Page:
Falling apart at the seems: learning to write what you mean
Writing can be a never-ending process. I mean, theoretically, one could edit and re-edit until the very end, and still not be happy with the result (just ask Walt Whitman). It’s the nature of the beast. Words are malleable, changeable; they have multi-meanings, connotation, irony. You spend too much time fretting about words, and no matter how many drafts you complete, you may never have it ready. The key is to not get overwhelmed, and to have an approach.
It’s always worth taking some time to weed out the big offenders, words that, if given too much leeway in the course of a novel can be absolutely poison to your description and intent in the plot. And in my humble opinion, there is no word so offending as the word seem.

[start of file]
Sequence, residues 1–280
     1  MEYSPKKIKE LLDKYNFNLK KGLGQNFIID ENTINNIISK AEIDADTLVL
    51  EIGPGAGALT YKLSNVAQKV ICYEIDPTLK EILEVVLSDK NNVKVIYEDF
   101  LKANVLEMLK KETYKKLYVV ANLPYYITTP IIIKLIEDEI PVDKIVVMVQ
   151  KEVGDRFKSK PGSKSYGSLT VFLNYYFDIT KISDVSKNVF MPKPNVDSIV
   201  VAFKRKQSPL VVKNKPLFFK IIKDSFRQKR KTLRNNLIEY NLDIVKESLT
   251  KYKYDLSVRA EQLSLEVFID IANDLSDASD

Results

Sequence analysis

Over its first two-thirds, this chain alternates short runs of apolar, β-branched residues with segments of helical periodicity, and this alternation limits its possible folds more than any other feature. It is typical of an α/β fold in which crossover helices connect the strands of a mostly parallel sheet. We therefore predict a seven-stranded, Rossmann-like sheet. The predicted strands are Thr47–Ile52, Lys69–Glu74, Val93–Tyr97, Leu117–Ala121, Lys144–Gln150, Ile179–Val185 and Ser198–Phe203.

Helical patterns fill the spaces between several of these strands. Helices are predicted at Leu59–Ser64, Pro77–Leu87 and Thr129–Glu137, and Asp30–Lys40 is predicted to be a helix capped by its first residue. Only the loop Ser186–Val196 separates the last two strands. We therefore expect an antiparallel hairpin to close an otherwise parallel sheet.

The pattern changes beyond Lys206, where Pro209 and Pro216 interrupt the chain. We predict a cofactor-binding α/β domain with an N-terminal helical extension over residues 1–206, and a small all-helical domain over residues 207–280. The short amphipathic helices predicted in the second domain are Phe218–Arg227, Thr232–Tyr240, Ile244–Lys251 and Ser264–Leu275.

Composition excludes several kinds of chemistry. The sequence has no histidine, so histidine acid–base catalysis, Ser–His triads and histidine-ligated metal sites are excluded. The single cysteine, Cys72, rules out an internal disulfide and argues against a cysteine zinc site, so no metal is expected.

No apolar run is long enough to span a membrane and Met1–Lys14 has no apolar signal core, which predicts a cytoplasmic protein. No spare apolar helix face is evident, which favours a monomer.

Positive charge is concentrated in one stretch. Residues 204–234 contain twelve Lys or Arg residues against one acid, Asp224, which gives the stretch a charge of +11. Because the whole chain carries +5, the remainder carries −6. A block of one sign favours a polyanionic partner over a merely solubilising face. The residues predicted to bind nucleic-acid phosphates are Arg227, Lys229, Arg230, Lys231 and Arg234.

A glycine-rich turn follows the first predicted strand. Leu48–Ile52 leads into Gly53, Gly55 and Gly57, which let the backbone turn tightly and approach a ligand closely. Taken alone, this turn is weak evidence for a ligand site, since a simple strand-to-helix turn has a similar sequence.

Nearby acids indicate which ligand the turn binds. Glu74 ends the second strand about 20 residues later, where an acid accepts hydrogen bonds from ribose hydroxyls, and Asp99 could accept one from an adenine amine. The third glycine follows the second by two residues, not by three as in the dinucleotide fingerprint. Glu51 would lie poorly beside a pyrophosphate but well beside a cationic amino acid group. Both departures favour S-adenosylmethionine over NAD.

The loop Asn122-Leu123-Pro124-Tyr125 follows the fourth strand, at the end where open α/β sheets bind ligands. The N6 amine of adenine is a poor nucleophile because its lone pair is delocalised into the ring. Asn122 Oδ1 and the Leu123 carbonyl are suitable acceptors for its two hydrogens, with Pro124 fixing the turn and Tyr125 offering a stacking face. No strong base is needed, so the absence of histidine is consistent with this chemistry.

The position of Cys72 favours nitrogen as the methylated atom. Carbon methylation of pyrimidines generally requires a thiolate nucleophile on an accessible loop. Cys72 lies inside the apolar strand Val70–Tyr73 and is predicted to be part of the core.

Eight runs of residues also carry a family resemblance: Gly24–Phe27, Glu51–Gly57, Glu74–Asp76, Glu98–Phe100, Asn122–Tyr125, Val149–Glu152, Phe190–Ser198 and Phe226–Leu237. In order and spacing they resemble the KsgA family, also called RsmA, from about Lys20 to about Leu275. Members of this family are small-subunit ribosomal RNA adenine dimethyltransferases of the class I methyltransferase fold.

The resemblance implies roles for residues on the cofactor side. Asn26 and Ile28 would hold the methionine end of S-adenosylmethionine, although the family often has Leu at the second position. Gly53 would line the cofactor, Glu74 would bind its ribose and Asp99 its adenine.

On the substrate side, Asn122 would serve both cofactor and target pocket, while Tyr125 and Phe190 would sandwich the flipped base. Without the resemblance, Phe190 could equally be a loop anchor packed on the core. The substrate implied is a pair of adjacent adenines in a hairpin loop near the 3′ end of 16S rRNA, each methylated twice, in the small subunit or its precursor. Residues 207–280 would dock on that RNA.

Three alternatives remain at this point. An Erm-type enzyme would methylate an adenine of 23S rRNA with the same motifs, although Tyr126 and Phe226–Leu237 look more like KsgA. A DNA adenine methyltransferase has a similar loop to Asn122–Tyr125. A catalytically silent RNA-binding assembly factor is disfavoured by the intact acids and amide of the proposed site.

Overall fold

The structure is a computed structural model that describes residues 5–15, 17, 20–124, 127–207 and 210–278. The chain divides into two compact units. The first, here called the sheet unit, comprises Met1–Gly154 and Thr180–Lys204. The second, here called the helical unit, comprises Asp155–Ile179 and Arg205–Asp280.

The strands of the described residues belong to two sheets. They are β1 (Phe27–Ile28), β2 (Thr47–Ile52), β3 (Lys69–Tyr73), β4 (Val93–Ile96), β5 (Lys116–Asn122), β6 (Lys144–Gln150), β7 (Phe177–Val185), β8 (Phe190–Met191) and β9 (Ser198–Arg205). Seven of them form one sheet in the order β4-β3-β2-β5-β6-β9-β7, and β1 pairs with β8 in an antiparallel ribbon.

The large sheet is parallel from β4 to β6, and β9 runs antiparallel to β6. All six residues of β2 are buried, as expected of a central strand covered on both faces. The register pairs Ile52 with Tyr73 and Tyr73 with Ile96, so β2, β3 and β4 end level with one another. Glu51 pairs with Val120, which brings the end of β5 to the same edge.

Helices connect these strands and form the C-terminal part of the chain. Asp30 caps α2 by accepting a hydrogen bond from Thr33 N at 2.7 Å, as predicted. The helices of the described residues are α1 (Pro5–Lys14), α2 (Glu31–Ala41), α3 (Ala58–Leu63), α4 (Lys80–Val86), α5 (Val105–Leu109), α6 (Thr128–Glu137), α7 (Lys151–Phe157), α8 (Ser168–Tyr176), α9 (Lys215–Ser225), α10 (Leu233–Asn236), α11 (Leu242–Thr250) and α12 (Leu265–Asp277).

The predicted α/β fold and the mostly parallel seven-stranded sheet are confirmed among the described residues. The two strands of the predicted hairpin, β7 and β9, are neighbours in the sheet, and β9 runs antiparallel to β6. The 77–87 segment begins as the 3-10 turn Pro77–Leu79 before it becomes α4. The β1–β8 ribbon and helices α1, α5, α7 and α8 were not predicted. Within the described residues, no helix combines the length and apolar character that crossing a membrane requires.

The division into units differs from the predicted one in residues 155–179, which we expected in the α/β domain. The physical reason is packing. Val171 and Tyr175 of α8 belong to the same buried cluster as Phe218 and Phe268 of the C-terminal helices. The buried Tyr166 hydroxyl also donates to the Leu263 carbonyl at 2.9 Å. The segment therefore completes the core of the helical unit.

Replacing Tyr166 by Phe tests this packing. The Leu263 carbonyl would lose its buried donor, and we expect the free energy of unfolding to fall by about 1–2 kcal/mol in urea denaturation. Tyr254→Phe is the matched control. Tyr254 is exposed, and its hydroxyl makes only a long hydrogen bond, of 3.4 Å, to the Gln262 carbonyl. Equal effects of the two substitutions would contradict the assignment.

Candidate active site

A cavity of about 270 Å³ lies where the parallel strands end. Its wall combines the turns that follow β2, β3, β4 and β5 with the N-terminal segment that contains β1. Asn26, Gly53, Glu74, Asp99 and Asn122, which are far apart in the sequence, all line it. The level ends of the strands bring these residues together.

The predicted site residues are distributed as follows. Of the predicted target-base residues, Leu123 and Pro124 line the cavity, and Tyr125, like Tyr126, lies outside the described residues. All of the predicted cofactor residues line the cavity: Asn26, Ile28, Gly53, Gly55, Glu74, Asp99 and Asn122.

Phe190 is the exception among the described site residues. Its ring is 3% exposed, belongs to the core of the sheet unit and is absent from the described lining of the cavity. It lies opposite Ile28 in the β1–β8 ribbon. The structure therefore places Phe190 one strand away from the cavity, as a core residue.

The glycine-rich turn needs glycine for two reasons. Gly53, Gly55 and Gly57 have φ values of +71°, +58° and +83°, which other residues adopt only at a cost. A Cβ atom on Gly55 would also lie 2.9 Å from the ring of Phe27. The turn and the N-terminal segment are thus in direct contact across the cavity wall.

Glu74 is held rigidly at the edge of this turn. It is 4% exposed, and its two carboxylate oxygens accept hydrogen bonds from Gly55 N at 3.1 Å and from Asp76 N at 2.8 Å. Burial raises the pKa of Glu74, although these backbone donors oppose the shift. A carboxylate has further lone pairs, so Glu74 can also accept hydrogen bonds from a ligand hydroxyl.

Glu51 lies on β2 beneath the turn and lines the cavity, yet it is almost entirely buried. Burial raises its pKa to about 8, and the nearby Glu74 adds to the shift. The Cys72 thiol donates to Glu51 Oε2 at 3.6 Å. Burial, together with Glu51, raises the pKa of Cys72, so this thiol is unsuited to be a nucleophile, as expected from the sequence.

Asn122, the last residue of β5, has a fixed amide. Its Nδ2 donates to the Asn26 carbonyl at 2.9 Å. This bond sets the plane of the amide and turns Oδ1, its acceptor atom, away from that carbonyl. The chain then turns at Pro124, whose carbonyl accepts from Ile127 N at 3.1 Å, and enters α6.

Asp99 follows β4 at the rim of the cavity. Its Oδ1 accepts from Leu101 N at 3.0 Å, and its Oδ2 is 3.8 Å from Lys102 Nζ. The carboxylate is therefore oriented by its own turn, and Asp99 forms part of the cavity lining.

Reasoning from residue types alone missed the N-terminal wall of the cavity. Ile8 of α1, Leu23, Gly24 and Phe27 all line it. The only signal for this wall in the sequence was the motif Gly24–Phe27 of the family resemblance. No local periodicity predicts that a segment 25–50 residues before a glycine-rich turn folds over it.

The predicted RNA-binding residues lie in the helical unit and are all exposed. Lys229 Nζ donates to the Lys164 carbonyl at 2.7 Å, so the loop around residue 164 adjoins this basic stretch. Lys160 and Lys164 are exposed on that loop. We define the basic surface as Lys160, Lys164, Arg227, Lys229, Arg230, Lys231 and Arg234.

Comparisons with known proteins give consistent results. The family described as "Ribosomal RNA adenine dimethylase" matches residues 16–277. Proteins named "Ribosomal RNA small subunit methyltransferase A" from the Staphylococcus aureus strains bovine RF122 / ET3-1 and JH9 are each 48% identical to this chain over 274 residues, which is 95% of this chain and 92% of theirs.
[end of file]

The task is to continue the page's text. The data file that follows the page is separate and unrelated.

I love words, and word meanings, so to get to the bottom of this stinky little word, let’s start with etymology. According to the Online Etymology Dictionary, the word seem can be viewed as followed:
c.1200, from O.N. soema “to befit, conform to,” and soemr “fitting, seemly,” from P.Gmc. *som- (cf. O.E. som “agreement, reconciliation,” seman “to conciliate”), related to P.Gmc. *samon (see same).
These days, we use seem everywhere. “It seemed like a good idea.” “She seemed happy.” “You seem to know what you’re doing.” The reason? Seem simply indicates likeness, sameness–giving an action or a thought or an object the appearance of something, without actually saying that it is. It’s a hesitant word, one that immediately pushes the reader from the writer’s intent and says, “HEY! If it seems, it might not be. Not really. I mean, why else would I say seem?”